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The Setting Is Also Not the Story

Not every detail can be addressed in one blog post, so I wanted to write a quick followup to the post: Don't Write the Plot, Write the Story

That post didn't mention setting or world-building, mostly because posts have to be limited in scope so as not to become books in their own right. So let me be clear: regardless of whether you're using the real world as a framework or inventing an entirely new universe, setting is absolutely important! 

The balance of setting with elements like plot and character development varies depending on the genre. A contemporary novel still needs to be grounded in its setting, but a historical novel will likely need to devote more space to establishing the world (creating a fuller picture of the world for those who may not know that history, did not live then, etc.). High Fantasy requires more world-building than Urban Fantasy, and it will almost always need more space on the page to explain the world because you can't expect the reader to have a preexisting framework to rely on if you're inventing a universe from scratch. That balance will also shift based on whether it's the first or fifteenth book in a series.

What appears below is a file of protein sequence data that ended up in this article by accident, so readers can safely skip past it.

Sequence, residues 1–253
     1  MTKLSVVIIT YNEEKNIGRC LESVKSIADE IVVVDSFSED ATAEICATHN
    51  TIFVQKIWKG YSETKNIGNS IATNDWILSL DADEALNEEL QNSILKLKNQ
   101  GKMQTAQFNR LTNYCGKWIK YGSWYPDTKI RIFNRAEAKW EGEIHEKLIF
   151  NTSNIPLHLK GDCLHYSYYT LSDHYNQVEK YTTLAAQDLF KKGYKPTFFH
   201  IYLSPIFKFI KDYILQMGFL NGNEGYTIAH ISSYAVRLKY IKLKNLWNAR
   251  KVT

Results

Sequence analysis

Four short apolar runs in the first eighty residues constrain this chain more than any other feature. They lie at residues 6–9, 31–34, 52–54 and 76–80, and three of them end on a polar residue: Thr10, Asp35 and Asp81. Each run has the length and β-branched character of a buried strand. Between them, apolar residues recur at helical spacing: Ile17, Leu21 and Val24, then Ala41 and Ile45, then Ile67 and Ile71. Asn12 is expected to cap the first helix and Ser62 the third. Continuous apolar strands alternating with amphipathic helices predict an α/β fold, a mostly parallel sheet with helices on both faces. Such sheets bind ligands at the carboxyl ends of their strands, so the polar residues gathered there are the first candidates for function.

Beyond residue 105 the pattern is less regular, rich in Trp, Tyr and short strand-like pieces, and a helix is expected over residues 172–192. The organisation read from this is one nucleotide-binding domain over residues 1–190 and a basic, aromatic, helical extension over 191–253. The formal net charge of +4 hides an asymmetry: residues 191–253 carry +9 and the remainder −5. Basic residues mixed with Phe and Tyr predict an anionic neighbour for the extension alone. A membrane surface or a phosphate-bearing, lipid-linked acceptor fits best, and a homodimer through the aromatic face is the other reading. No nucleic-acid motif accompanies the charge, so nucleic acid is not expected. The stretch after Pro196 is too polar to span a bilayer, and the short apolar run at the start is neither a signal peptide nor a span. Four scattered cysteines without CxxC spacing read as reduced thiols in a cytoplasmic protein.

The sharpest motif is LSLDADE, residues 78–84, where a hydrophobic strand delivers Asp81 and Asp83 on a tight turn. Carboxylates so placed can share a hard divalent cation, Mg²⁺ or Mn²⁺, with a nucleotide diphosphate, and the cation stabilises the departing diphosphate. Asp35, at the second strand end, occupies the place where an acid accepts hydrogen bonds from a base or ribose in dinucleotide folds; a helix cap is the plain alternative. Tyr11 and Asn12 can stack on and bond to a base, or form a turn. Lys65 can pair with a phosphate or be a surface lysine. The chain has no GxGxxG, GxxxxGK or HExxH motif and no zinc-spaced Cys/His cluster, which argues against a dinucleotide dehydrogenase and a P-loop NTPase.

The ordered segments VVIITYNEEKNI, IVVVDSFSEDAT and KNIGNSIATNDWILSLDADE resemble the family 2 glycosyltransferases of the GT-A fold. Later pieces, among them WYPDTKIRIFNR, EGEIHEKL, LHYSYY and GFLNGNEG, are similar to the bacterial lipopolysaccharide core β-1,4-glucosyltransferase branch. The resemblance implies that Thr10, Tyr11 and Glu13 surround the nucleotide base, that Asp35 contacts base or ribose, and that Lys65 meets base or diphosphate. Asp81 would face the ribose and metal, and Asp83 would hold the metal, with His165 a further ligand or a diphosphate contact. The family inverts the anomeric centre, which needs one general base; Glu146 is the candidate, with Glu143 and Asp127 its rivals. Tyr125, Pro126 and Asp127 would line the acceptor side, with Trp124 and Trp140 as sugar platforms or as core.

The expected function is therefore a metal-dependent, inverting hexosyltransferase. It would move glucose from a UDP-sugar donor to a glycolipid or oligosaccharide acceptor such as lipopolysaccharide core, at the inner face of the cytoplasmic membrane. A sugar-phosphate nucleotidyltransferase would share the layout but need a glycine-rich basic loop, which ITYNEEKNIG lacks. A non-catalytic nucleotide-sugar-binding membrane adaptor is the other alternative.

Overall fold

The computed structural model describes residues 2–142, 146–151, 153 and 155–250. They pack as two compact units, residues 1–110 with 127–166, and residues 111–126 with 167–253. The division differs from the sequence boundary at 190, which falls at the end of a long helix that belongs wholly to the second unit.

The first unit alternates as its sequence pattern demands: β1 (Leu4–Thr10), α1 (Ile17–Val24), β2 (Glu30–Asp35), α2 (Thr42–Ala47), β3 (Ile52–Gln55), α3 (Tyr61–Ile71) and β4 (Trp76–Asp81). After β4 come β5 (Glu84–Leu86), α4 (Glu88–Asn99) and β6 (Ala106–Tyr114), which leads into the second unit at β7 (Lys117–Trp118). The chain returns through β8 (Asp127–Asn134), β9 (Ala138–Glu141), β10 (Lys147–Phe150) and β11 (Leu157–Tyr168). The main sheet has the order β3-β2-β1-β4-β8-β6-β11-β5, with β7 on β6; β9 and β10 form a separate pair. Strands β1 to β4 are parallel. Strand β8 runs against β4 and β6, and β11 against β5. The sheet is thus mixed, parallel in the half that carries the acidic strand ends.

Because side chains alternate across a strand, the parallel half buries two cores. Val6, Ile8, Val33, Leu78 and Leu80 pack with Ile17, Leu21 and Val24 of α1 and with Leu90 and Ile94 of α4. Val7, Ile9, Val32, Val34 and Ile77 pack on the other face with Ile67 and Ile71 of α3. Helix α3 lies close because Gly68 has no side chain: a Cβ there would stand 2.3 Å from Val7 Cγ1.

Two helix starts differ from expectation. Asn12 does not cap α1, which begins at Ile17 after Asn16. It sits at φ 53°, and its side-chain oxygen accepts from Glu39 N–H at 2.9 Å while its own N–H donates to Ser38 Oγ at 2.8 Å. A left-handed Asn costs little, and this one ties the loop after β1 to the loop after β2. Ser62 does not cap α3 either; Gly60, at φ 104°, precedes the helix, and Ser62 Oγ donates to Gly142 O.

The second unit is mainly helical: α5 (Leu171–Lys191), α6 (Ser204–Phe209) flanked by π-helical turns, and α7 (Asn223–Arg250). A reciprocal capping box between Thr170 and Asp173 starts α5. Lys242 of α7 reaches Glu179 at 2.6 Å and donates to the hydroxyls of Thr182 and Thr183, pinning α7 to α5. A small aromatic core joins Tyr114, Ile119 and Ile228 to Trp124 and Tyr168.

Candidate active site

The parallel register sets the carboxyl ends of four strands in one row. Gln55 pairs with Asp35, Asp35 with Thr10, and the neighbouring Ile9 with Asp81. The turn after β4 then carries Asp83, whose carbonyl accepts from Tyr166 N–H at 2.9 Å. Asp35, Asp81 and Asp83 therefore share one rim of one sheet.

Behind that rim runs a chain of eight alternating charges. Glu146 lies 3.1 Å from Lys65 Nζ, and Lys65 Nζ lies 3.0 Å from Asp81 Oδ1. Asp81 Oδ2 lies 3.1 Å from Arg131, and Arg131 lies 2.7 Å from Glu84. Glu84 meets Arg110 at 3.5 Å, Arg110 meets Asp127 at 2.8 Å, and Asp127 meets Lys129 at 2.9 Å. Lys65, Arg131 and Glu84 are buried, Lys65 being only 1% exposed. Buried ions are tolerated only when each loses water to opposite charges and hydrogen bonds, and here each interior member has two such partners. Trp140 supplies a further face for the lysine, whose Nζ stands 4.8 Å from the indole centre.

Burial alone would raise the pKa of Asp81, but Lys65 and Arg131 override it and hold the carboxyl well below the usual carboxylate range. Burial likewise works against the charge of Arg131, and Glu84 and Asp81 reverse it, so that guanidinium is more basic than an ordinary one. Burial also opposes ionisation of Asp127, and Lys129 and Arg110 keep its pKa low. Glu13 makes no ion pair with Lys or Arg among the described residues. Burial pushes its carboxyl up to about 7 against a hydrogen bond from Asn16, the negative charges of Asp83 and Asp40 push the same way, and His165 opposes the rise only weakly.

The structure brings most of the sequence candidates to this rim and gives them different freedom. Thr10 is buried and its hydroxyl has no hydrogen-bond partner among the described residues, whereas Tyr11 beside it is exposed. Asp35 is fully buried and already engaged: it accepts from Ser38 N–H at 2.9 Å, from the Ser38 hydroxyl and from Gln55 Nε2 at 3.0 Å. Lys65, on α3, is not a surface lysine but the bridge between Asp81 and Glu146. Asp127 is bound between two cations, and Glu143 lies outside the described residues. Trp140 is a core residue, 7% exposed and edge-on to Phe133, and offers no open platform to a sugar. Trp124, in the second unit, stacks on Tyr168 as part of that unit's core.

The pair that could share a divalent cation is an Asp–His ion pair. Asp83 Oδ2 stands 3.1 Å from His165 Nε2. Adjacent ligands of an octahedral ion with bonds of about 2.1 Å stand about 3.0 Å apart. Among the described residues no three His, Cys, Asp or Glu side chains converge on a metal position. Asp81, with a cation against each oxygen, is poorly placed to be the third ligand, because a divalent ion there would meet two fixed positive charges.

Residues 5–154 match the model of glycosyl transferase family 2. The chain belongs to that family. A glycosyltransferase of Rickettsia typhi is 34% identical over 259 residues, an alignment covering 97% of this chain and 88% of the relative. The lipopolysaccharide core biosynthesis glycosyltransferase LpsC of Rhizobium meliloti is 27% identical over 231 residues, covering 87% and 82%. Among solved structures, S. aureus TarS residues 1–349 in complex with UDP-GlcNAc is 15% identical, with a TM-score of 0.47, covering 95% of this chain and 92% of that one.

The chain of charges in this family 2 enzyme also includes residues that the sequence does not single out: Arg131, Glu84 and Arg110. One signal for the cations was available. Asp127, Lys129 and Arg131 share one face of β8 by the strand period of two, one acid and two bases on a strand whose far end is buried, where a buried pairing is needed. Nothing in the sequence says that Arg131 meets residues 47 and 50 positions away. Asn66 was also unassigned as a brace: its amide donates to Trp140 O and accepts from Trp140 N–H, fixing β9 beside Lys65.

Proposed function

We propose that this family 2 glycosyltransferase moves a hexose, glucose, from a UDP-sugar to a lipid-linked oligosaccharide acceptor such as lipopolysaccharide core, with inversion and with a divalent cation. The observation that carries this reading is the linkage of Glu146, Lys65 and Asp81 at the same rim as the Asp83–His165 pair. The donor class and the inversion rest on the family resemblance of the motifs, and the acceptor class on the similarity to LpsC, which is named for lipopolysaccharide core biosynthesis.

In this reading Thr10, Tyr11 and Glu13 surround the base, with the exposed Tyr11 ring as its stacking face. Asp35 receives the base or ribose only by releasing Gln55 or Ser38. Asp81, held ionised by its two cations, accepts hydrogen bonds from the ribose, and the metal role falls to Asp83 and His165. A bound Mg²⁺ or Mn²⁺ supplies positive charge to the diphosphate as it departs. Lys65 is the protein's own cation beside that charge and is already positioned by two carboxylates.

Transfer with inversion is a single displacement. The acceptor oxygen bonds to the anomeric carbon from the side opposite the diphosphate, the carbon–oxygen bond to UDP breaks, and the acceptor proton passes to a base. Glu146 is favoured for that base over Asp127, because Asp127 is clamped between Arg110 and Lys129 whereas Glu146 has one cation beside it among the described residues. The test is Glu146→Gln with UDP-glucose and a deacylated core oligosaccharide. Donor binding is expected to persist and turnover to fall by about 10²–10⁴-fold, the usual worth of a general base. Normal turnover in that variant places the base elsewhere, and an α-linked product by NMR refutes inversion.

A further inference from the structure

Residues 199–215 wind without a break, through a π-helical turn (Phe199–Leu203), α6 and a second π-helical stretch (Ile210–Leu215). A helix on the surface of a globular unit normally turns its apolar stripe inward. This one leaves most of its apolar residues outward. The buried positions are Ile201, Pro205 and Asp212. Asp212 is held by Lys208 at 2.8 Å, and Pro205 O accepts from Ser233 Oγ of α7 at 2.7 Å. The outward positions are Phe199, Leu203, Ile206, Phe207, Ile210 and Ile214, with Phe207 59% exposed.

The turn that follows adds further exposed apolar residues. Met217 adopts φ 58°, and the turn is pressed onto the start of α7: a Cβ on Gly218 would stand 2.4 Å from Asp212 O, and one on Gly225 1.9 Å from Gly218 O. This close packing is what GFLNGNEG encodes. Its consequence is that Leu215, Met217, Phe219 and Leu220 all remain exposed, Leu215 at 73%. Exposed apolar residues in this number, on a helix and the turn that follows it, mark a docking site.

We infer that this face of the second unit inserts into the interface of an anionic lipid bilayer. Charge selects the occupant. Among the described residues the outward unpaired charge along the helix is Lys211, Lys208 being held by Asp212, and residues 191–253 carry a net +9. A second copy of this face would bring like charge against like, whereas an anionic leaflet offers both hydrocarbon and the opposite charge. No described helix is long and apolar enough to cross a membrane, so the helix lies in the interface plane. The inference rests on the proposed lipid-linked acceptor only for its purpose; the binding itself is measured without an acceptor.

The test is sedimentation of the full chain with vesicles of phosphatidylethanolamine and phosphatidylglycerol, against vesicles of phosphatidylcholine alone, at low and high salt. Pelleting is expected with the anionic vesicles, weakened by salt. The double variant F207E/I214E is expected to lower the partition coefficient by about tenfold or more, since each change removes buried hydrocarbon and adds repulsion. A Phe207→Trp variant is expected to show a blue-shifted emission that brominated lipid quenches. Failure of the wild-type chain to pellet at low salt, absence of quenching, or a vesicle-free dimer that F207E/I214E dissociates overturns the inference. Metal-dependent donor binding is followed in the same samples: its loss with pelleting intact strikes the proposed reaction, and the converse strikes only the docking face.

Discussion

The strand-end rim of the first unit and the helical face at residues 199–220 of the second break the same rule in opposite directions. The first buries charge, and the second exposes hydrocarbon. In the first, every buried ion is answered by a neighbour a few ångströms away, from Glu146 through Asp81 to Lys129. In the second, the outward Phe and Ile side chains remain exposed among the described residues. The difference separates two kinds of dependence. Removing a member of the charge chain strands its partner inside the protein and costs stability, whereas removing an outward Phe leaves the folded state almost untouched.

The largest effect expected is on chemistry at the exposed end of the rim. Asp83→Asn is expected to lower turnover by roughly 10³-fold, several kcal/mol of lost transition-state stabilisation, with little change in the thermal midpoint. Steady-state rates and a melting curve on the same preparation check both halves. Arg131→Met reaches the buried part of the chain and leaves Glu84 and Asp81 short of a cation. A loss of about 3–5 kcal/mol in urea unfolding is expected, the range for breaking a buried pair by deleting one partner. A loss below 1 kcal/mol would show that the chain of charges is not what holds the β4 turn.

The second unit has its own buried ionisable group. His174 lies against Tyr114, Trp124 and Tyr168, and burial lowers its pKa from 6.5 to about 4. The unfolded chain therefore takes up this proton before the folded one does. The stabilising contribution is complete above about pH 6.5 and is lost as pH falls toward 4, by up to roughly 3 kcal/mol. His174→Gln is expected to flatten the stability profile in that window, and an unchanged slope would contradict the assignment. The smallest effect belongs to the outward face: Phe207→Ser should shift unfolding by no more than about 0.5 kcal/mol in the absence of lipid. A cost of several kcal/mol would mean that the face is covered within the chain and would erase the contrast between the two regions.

But no matter how richly developed the world, the setting is also not the story. It is unquestionably an important piece, but it is ultimately the backdrop that facilitates our experience of the story. 

Consider plays. I often remind writers that a novel is not a script—a fiction writer is required to do the work of the director, the actors, the set designer, the costume designer, and even the lighting designer, to an extent. Plays are a very different form of storytelling because so much must be added by each team creating the version they perform. And undoubtedly the interpretations of actors and directors become a critical part of their version of the story.

But a traditional Elizabethan version of Hamlet in full costume, with full sets (etc.) is not a different story than that same company's performance in their street clothes on a bare stage. Theater companies have even done intentionally minimalist performances like this.

Because while the setting (including costumes) enhances the story, and certainly influences our experience of the story, it is ultimately not itself the core story.

On the flip side, Hamlet with a different director's and cast's interpretation may ultimately be a different story. Because as I wrote here, the plot is also not the story.